fter learning I’ve lived three years in Beijing and four in Shenzhen, strangers are quick to survey me. I usually equivocate with praise for the people of the capital and the beauty of this seaside metropolis. In reality, there’s much in common.
The same love of the large occurs north and south, malls and high-rises soaring to the sky with the same red underwear drying on the balconies. China’s days are scored to the same soundtrack: calming tai chi tones, shouts into mobile phones, the hammering of unending construction, and the high-volume hustle of aunties dancing after dinner.
Of course the weather is an obvious difference, at least in winter. While Beijing shivers as the cold seeps from concrete floors into one’s bones, this subtropical corner experiences just a month or two with hats and gloves. It’s usually brief and mild, sadly never enough to kill all the pests. So it’s more common in Shengzhen to discover unwelcome visitors crawling through the kitchen. It’s probably also why all my southern friends scrupulously follow the restaurant ritual of bathing each dish, glass and chopstick with boiling water.
But in the hot months, we all sweat together. In sweltering summers – increasingly fierce everywhere, thanks to cataclysmic climate change – men north and south roll their shirts above the belly to play cards, swill baijiu (strong liquor), and feast on fiery hot crawfish. If it’s barbecue, southerners tend to like it sweet in the Cantonese style, versus the cumin-coating of the north. But no lamb down here, thanks: many of my southern friends can’t stand the taste of mutton, even if they’ll devour anything from the sea. But besides abundant dim sum, the food here is largely the same. Breads are steamed or baked, stuffed of fried, and everyone cherishes dumplings, rice, and noodles with a gusto that unites all who speak Chinese.
Or, I should say, the extended family of languages we call Chinese. Across the south I hear echoes of the old domains that now constitute China. Melodious Cantonese is pervasive here in old Canton – with the exception of Shenzhen, the diverse product of internal immigration. But in Guangzhou, capital of Guangdong Province, and beyond, the old language is the only one the old folk know. The same seems true in Shanghai, Sichuan, and among the peoples further west. While Beijing remains the ancestral home of Putonghua, that emblem of the unity of New China, the polyphony of the south reminds me of what rich cultures constitute this mighty nation.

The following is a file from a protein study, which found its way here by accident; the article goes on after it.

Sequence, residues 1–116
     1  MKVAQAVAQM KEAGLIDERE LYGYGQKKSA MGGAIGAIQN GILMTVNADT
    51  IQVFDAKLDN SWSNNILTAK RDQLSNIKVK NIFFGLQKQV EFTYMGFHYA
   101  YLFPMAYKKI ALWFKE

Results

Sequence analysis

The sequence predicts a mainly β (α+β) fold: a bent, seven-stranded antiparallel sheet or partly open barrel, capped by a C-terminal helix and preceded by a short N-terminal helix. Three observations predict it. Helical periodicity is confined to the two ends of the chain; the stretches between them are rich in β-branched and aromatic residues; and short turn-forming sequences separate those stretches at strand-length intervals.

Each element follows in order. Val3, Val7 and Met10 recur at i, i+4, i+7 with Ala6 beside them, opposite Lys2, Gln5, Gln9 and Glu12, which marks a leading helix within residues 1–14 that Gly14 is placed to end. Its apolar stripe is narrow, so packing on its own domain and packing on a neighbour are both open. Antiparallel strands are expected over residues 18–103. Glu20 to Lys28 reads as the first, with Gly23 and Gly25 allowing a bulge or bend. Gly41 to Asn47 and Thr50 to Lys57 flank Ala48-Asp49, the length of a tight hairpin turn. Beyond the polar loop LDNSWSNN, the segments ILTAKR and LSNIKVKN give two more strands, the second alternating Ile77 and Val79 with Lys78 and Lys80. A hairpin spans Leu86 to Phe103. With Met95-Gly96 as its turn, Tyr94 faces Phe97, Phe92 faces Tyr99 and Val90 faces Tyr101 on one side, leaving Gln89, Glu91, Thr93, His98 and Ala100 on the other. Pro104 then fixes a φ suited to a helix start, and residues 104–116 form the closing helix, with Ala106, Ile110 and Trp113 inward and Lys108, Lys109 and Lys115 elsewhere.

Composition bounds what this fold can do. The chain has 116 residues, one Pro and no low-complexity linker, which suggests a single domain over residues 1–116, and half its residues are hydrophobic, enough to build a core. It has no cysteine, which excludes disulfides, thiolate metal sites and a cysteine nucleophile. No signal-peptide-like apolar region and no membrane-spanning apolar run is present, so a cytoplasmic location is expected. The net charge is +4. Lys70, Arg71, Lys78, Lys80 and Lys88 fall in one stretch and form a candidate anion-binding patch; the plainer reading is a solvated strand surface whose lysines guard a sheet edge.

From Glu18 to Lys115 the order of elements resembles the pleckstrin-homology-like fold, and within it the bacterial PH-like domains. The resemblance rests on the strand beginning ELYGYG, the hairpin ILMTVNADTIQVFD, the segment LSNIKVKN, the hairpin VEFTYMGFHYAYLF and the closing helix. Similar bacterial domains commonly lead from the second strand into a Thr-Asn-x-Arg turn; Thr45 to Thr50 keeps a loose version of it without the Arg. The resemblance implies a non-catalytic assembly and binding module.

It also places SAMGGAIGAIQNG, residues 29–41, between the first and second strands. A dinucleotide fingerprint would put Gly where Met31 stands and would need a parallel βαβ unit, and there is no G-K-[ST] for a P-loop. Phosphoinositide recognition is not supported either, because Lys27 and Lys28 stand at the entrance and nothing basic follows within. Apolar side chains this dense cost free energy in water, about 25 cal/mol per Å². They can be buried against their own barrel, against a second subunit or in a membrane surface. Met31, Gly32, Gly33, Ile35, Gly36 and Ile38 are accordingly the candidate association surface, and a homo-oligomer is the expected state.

The “self-combed sister” comes to mind as a particularly southern cultural innovation. When silk technology improved during the Ming Dynasty, new mulberry trees south of the Yangtze improved the region’s fortunes. One consequence was this rising class of wellpaid working women, forging a new role as unmarried matrons acting as patrons to siblings and other dependents. For three centuries they flourished from ancient Shunde throughout the Pearl River Delta, offering a model of female autonomy that still lives on in stereotypes of fierce southern women and their compliant men.
The north and the south of the country each represent a strand of this country’s history that, woven together, have forged the strength of modern China. In simplest terms, it’s where they turn their gaze.
The industrial north has long looked inward, to the coal of its mountains and to Beijing, seven times a grand capital and seat of the officials who operate this country’s vast bureaucracy. But in Shenzhen and the south generally, the gaze looks out the wider world. For countless generations these seaside provinces have launched scores of emigrants, reaching across the globe in a web of connections that have made just as powerful a contribution to China’s place in the world. This region has long seen the opportunity held in the ocean and the peoples beyond.
Shenzhen, for its brief four decades, had its eye on Hong Kong, just across the narrow bay and the wider borders of time, law, and culture. Learning from that powerhouse of finance and shipping has brought 10,000- fold growth to this metropolitan assemblage.
But in the north the winding hutongs, once so messy and vibrant, are now as clear and quiet as the streets closed for centennial celebrations. The eyes are cast inward again, to the man at the microphone, to the Partydriven century behind us, and the promise of another to come.